Solution 2: If you do not want to remove the provisioned apps, you can use Michael Niehaus’s great guide to remove the file associations from the modern apps. Michael also show how to deal with this dynamically at deployment time as you probably want to have this configuration dynamic if you are using Windows 8.1 on touch enabled devices. The blog post is located at http://blogs.technet.com/b/mniehaus/archive/2014/01/10/configuring-file-associations-in-windows-8-1.aspx
Customizing the start panel
Well, there are PowerShell scripts which you can use to export a start panel layout and then send it out to multiple users using group policy settings. However, your users will not be able to actually modify it which kind of make this feature useless to say the least. What you can do to customize the start panel, awaiting better and more dynamic means to centrally manage the layout, is image customizing the layout of the start panel in your Windows 8.1 image, and then use the CopyProfile=true method to make that start panel layout the default for all new user profiles. This will present a default layout of your choice which the end users will be able to modify to their liking.
Remove the (annoying) help guidance arrows
The help arrows that appear the first time a user sign in to a Windows 8.1 machine are important for the users to learn how to reach the charms menu and navigate in the new user interface, when they actively or mistakenly end up there. However these little helper arrows tend to become rather annoying after time and you will be glad to see that there are ways to turn them off.
Create a User Group Policy Preference that adds the following registry:
Value name: DisableHelpSticker
Value type: REG_DWORD (32-bit)
Value data: 1
The power of search
I have been involved in many deployment projects with Windows 7 and my simple conclusion is that users tend to love not to use the built in search box in the start menu in Windows 7. Moving to Windows 8.1 is not going to change that and especially not as the users have no idea that they can just type anything while on the start panel and a search will be performed. I’m still waiting for a group policy setting that will make users use search instead of clicking and clicking and clicking but until that arrives instruct your Windows 7 and Windows 8.1 to use the built in search feature.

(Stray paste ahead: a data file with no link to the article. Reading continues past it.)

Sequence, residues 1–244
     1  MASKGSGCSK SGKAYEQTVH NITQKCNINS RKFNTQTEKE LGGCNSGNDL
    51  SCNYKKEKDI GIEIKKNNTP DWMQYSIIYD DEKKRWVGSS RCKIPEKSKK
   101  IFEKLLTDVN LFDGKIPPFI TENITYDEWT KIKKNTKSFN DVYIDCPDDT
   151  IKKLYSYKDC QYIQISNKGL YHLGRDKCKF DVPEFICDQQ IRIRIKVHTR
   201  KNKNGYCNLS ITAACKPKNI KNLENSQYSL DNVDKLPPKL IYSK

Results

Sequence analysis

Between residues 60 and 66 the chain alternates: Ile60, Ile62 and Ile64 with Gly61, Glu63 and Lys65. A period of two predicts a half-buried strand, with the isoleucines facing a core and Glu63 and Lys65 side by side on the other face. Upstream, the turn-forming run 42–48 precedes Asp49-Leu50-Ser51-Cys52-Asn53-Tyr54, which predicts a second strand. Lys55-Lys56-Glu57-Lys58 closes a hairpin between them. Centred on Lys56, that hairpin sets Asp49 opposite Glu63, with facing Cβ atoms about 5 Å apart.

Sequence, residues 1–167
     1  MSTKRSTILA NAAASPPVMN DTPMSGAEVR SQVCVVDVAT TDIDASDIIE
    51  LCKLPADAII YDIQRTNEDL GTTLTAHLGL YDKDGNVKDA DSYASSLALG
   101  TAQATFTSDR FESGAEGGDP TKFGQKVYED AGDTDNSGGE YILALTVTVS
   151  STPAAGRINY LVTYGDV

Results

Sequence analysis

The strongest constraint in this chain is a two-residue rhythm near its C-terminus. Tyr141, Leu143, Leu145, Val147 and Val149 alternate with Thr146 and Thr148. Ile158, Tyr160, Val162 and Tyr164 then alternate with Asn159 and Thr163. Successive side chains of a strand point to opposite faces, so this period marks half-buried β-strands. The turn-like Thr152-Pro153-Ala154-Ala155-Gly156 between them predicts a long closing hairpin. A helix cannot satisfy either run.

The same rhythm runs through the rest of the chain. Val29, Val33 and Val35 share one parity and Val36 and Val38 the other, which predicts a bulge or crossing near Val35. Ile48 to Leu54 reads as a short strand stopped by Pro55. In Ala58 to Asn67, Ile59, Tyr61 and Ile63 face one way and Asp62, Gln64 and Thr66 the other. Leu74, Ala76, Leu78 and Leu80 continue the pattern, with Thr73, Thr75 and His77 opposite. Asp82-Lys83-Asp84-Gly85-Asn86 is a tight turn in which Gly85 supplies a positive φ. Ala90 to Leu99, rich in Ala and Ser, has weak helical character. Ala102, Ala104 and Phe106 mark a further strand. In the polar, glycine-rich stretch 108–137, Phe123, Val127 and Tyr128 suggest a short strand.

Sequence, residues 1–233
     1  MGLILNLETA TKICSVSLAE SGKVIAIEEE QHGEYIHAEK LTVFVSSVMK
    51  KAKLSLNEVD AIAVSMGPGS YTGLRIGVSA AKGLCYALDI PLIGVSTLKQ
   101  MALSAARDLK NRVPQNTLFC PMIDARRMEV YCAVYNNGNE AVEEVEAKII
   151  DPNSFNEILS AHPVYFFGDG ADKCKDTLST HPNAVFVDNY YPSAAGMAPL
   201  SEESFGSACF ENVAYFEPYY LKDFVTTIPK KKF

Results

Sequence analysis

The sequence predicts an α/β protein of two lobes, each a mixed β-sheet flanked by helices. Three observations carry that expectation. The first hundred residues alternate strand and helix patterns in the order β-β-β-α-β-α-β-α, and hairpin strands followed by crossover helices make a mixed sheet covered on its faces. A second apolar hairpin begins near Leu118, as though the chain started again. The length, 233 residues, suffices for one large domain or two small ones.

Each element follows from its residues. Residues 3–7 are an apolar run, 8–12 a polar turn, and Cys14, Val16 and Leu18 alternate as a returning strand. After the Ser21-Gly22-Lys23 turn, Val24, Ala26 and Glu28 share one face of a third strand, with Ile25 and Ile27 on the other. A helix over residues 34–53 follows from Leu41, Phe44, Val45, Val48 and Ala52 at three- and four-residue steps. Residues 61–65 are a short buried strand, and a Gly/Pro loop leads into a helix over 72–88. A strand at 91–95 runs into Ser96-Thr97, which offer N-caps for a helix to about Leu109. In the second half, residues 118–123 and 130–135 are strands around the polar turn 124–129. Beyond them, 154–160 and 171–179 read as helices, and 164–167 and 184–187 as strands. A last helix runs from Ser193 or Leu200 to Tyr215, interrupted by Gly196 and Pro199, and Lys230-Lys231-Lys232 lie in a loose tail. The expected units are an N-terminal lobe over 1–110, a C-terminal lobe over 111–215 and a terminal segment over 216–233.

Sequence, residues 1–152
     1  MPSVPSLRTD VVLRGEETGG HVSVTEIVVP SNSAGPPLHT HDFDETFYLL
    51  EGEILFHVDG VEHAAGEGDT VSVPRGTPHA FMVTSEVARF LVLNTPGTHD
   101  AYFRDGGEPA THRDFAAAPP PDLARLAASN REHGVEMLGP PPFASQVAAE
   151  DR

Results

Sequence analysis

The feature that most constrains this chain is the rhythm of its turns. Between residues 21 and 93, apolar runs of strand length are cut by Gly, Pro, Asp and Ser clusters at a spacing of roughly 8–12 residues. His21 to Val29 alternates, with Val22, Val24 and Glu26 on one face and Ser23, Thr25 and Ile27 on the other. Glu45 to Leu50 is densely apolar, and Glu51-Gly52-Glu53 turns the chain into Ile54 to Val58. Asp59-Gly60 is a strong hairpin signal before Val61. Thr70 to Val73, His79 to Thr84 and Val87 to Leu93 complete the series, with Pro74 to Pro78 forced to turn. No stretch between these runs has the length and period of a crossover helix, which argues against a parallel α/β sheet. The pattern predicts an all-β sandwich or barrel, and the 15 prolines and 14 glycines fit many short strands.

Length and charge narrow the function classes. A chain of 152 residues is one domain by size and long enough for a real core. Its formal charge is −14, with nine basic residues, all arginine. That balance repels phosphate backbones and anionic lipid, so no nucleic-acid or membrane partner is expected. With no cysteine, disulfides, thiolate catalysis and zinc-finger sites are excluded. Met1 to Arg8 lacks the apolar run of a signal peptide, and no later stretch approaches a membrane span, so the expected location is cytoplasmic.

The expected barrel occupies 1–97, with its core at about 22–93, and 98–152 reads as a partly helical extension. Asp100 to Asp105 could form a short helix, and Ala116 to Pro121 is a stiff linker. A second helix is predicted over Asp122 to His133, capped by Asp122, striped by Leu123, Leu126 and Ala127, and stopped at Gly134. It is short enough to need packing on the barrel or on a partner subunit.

Well, by taming how the user interface behaves and my modifying or totally removing the modern apps the start panel goes back to just being the search feature and the new user interface is acting pretty much as it always have traditionally in Windows. And at the time of this writing we know that there will be an update in April 2014 that will present even further improvements to the UI. Things are improving but rest assured, the good old start menu as we know it since Windows 95 will not be back.
Follow up: User profile and user data changes in Windows 8 vs primary computers
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I'm Andreas Stenhall and my work passion is Windows 10 and 11 in combination with Microsoft 365 security and management services. I do consulting, I produce and teach my own courses, I lecture and I present and my formal work title is senior workplace advisor and architect at Coligo in Stockholm, Sweden. I'm also proud to be an Microsoft MVP since 2009. I have presented at BUILD, TechEd in the US and Europe and regional TechDays. Follow me on twitter @AndreasStenhall. Phone +46707894758.